Tim Peake, the first British astronaut to fly as part of the European Space Agency (ESA), is going back to space again.
The revelation was made today at the Science Museum in London, where the spacecraft that took Peake to and from the International Space Station (ISS) from December 2015 to June 2016 was being put on display. This is the first flown spacecraft in the UK’s national space technology collection.
“Tim Peake will undertake a second space mission as a British European Space Agency astronaut,” a UK Government statement said, although it noted that ESA had not yet decided when Tim would fly. It’s likely to be between 2019 and 2024, with ESA’s involvement in the ISS running up to 2024 at the moment.
As part of the collaboration, ESA sends one or two astronauts per year to the ISS. Their most recent astronaut is Thomas Pesquet from France, who is currently on the ISS after launching on November 17, 2016.
This will be Peake’s second trip to the ISS, likely to last six months again, and it will make him the first Brit to take part in two long-duration space missions. Several Brits with dual nationality have taken part in multiple shorter missions before aboard the Space Shuttle.
On his first trip, as part of Expeditions 46 and 47, Peake was involved in more than 250 experiments aboard the station. He also famously ran the London Marathon in space on a treadmill (the second person to run a marathon in space after Sunita Williams in 2007), and also performed a spacewalk – the first Brit to do so.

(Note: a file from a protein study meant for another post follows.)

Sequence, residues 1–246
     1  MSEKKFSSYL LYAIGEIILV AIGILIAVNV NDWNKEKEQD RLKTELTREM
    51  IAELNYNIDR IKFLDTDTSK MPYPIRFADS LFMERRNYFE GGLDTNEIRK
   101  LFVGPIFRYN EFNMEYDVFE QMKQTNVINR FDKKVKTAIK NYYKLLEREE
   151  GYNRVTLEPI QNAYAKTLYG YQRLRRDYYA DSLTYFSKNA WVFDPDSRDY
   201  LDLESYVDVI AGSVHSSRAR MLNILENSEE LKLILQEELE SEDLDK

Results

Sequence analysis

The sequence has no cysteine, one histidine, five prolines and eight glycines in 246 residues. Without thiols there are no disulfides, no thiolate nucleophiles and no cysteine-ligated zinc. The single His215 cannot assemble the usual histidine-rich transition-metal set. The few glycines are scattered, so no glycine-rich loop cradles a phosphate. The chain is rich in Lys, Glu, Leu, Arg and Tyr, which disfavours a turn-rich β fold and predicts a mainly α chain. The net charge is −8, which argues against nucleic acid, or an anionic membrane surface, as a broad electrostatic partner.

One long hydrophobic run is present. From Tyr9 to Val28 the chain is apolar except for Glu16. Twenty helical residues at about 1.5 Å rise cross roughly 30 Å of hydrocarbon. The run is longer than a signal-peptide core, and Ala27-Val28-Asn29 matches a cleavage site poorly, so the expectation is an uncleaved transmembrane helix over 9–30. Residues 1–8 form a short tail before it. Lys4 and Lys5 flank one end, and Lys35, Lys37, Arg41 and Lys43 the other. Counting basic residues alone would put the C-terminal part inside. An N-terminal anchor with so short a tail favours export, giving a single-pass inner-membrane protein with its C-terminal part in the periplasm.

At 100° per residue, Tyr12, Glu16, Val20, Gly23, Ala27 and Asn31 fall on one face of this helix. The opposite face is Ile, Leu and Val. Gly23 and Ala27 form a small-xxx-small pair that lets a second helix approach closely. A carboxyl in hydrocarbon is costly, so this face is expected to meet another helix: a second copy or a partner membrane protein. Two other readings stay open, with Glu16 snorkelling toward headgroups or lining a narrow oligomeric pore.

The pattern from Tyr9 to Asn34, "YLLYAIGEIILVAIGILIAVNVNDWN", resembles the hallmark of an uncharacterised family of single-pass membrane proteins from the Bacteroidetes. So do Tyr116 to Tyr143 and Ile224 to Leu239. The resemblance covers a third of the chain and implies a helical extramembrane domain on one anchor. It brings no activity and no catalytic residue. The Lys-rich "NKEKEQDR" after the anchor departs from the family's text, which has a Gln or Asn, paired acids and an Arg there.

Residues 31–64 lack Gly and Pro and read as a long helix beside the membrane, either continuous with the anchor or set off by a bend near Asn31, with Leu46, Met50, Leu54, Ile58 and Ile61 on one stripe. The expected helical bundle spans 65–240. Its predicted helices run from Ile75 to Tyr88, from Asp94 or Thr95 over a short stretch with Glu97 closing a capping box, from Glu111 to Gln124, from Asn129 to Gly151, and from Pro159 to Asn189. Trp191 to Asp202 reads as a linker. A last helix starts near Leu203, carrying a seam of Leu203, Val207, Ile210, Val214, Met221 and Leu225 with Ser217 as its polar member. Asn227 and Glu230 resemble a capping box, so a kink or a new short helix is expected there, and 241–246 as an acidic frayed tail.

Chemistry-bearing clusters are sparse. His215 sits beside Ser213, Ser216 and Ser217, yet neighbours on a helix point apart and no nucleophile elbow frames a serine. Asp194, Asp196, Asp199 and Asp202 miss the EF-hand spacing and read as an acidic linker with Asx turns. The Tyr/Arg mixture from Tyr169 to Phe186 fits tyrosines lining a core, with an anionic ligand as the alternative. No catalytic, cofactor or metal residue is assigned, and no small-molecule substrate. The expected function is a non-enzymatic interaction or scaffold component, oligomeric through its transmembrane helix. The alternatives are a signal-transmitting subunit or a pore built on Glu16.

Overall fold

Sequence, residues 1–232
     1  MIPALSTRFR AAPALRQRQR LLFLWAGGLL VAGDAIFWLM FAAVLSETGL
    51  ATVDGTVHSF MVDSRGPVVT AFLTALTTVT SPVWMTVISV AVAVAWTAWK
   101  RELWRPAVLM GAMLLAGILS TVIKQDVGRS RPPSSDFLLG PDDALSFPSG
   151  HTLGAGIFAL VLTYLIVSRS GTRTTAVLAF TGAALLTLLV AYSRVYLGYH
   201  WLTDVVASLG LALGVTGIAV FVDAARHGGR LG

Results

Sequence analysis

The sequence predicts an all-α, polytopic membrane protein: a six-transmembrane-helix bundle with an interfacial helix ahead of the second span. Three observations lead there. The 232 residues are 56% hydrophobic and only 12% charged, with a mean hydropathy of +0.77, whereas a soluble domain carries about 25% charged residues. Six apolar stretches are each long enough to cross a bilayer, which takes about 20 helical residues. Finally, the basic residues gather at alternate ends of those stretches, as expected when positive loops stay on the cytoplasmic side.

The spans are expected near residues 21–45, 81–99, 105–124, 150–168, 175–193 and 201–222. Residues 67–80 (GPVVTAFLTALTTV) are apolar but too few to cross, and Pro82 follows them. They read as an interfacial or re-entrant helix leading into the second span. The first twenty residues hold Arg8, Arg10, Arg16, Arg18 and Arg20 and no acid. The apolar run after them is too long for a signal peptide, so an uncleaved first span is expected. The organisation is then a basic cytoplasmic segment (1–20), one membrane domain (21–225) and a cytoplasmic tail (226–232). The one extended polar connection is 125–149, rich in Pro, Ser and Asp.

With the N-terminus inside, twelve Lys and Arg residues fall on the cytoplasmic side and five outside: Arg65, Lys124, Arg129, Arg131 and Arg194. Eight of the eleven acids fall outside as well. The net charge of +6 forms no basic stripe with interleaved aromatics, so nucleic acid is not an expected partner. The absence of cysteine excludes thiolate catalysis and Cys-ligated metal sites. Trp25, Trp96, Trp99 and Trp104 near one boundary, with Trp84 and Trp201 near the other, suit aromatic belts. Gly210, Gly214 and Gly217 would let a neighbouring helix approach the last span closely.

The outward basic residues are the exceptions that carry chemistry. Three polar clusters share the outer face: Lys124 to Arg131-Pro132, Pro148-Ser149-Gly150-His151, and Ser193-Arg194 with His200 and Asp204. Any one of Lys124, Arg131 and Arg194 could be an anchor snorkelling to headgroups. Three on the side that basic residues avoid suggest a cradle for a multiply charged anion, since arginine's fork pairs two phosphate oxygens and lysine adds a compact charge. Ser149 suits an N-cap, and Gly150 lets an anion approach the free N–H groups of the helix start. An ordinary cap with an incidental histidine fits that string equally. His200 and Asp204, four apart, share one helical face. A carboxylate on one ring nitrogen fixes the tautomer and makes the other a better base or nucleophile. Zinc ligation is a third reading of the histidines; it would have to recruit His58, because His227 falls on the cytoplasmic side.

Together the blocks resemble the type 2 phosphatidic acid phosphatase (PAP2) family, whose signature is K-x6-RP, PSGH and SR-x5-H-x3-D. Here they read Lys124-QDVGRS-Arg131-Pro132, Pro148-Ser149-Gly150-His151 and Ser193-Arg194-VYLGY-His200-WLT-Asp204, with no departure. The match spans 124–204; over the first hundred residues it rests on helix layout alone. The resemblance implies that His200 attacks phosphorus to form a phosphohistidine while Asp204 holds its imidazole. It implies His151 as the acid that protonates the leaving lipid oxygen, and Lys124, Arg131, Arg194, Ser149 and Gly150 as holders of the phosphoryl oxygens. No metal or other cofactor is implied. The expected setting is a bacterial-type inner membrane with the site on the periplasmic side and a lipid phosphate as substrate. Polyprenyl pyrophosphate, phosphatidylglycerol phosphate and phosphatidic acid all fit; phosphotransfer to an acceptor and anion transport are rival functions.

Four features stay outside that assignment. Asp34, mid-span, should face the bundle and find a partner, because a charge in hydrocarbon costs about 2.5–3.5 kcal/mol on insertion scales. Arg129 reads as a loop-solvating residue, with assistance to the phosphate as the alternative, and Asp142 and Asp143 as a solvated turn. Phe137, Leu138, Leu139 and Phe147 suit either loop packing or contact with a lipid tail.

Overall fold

It was also announced that the UK would be committing 1.4 billion euros to ESA over the next four years, which will go some way to allaying fears it would be pushed out in the wake of the UK’s vote to leave the European Union. ESA is separate from the EU, which is why the UK can still take part in the 22-nation space agency.
Visitors to the Science Museum will also be treated to a new virtual reality experience from March 24, 2017. Called Space Descent VR, viewers will experience what it’s like to return to Earth inside a Soyuz capsule over eight minutes in a fiery descent, where speeds exceed 800 kilometers per hour (500 miles per hour) and temperatures reach 1,500°C (2,700°F).